Purification of Ribonucleoproteins Using Peptide-Elutable Antibodies and Other Affinity Techniques

  • Scott W. Stevens
Part of the Methods in Molecular Biology book series (MIMB, volume 488)

Summary

Recently developed affinity purification methods have revolutionized our understanding of the higher-ordered structures of multisubunit, often low-abundance macromolecular complexes, including ribonucleoproteins (RNPs). Often, purification by classical, non-affinity-based techniques subjects salt-labile complexes to an ionic strength incompatible with the integrity of the RNP, leading to a misrepresentation of the true higher-ordered structure of these complexes. A family of plasmids has been generated that can be used to introduce a number of different epitope tags, including peptide-elutable affinity tags, into the genome of the yeast Saccharomyces cerevi-siae. Alternatively, these plasmids may be used for plasmid-borne expression of epitope-tagged proteins in either yeast or Escherichia coli. The gentle elution of the complex from the antibody affinity matrix can be performed at 4 °C and is compatible with a range of salt and pH conditions. RNPs purified by this method are active and suitable for downstream analyses such as RNA sequencing, structural analysis, or mass spectrometry peptide identification.

Key Words

Affinity purification peptide antibody ribonucleoprotein 

1. Introduction

Ribonucleoproteins (RNPs) are composed of at least one molecule of RNA and one or more proteins and are ubiquitously found in all organisms. The most abundant RNP, the ribosome, has been studied extensively for many decades due to its high abundance and ease of preparation. Prior to the advent of genetically engineered epitope tags, low-to-moderate abundance RNPs had been difficult to purify from eukaryotic cells, especially yeast. Recently, high-efficiency, high-affinity epitope tags have been developed that can be engineered into the native chromosomal context of the gene of interest to reduce nonspecific effects sometimes seen with expression of proteins at nonnative levels (1, 2, 3). A system has been developed for using peptide-specific monoclonal antibodies to affinity purify peptide-tagged proteins from complex extracts alone or in conjunction with other affinity techniques to produce highly pure RNP complexes. This method involves the use of free peptide to disrupt the antibody-antigen interaction. In this chapter, details are provided for (1) epitope tagging genes in the chromosome of yeast, (2) preparation of mid- to large-scale whole-cell extracts, (3) affinity purification of the species of interest, and (4) downstream analysis of the purified material.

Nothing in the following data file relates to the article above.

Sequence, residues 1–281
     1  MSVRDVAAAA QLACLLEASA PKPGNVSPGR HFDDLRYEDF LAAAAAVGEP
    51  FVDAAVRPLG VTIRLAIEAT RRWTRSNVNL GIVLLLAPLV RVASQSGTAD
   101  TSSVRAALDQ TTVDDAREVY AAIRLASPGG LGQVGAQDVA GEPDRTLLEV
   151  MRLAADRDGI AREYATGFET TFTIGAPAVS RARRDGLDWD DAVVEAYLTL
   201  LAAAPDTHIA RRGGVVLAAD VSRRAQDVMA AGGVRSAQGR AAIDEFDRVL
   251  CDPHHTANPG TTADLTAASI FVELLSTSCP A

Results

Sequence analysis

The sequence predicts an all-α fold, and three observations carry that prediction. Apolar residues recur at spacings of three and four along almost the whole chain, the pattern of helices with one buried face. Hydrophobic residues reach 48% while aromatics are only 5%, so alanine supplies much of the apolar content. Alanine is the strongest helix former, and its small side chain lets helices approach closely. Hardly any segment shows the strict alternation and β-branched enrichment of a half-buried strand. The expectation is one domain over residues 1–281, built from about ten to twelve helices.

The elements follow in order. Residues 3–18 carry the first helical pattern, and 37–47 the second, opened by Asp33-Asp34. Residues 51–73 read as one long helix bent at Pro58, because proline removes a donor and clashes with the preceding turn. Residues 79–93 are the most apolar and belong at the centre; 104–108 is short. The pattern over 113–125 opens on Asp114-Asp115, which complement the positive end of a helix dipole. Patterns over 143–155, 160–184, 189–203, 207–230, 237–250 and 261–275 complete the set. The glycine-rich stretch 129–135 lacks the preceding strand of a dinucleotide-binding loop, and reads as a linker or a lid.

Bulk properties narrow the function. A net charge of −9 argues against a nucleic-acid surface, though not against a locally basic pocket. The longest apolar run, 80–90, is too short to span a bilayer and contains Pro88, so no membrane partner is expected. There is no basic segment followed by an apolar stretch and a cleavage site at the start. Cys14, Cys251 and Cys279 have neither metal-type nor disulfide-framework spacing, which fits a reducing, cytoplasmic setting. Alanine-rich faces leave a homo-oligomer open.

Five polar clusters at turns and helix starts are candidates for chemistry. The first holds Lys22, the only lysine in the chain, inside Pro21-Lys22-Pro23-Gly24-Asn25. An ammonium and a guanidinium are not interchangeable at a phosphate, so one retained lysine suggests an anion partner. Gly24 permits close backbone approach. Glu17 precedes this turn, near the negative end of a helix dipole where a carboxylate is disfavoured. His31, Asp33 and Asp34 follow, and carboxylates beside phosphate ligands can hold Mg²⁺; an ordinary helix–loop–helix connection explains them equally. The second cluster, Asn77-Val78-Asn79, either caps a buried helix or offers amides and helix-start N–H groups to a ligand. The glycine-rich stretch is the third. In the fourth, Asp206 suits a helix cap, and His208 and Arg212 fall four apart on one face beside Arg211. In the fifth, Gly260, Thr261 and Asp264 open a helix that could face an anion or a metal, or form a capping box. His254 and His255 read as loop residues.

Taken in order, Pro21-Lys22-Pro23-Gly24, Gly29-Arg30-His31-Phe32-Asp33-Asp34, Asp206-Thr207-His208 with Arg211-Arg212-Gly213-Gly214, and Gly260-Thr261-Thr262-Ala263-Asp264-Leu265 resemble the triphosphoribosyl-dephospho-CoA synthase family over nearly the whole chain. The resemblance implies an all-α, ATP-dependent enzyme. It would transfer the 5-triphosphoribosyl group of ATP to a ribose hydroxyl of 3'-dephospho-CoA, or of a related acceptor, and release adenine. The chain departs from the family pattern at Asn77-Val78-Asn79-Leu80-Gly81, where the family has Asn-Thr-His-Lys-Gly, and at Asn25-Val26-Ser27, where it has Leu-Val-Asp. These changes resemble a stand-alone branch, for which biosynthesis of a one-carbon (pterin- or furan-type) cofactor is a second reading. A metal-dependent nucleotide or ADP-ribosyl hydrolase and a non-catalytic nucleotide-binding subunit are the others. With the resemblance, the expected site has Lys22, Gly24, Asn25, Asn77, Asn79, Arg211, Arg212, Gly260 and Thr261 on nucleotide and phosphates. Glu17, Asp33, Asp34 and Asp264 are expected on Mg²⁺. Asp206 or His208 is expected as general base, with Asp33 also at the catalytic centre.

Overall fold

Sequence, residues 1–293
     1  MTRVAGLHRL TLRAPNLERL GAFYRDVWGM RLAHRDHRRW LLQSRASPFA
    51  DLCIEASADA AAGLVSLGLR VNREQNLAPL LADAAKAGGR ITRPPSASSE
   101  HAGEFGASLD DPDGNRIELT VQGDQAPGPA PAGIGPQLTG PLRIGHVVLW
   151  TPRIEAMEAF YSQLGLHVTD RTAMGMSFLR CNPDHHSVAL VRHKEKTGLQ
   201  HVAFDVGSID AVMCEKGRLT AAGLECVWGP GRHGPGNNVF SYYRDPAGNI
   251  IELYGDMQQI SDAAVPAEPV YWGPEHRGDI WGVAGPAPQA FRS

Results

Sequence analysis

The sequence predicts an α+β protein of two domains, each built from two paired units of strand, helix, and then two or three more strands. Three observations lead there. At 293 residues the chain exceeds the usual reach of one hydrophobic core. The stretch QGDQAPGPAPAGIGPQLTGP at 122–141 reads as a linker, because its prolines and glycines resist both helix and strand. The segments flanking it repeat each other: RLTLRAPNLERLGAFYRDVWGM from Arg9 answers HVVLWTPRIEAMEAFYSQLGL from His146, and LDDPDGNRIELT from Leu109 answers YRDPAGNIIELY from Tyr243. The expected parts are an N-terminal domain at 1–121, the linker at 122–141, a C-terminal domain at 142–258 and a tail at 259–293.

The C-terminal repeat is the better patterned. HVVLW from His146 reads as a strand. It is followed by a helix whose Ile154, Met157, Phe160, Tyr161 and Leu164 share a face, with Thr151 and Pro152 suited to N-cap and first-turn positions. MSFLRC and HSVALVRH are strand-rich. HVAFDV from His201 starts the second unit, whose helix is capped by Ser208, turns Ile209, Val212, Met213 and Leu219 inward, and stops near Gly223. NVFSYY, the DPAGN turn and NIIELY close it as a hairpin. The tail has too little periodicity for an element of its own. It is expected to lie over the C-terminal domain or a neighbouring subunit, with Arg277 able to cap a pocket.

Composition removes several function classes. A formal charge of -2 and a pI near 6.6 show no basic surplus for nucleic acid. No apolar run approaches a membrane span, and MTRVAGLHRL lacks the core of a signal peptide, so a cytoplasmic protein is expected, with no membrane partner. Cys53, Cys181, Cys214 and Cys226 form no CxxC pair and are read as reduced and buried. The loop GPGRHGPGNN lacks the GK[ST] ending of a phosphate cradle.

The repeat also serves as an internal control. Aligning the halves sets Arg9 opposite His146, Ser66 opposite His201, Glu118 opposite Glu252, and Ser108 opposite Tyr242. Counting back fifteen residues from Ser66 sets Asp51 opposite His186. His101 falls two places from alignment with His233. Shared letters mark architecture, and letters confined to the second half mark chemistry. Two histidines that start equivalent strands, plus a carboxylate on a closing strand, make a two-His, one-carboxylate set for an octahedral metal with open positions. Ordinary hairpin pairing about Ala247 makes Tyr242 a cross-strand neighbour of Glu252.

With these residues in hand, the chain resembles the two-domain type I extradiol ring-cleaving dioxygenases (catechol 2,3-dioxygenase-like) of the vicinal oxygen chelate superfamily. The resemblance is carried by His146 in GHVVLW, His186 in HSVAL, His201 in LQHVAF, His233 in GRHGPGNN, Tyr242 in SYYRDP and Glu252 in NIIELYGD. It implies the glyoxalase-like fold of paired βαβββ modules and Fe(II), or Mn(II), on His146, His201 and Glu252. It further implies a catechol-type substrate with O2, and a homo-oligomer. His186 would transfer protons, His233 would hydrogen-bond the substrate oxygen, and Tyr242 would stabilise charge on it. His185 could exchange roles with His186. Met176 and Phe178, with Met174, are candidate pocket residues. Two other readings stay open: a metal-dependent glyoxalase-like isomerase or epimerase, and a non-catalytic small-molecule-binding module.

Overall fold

2. Materials

  1. 1.

    Appropriate tagging vector.

     
  2. 2.

    Monoclonal antibody of interest, protein G agarose, Ni-NTA agarose, calmodulin agarose.

     
  3. 3.

    Oligonucleotide primers for polymerase chain reaction (PCR) amplification, dNTPs (deoxynucleotide 5′-triphosphate), PCR enzymes.

     
  4. 4.

    Yeast strain of interest with desired genotype.

     
  5. 5.

    YPD liquid: 1% yeast extract (Difco), 2% Bacto Peptone (Difco), 2% dextrose.

     
  6. 6.

    Selective dropout media: 0.67% yeast nitrogen base without amino acids (Difco), required amino acid/nucleotide supplements (Bio101), 2% dextrose. (For plates, add 2% agar.)

     
  7. 7.